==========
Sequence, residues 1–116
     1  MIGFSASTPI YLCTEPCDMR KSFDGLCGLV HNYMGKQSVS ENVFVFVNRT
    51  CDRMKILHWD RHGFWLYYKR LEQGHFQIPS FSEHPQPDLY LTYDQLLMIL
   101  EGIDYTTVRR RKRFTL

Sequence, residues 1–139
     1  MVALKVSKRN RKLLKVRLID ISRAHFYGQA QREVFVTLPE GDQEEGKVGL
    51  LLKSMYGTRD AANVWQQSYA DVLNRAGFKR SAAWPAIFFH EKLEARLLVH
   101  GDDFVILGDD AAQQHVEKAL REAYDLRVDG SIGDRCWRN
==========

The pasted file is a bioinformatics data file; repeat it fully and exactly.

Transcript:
Sequence, residues 1–116
     1  MIGFSASTPI YLCTEPCDMR KSFDGLCGLV HNYMGKQSVS ENVFVFVNRT
    51  CDRMKILHWD RHGFWLYYKR LEQGHFQIPS FSEHPQPDLY LTYDQLLMIL
   101  EGIDYTTVRR RKRFTL

Sequence, residues 1–139
     1  MVALKVSKRN RKLLKVRLID ISRAHFYGQA QREVFVTLPE GDQEEGKVGL
    51  LLKSMYGTRD AANVWQQSYA DVLNRAGFKR SAAWPAIFFH EKLEARLLVH
   101  GDDFVILGDD AAQQHVEKAL REAYDLRVDG SIGDRCWRN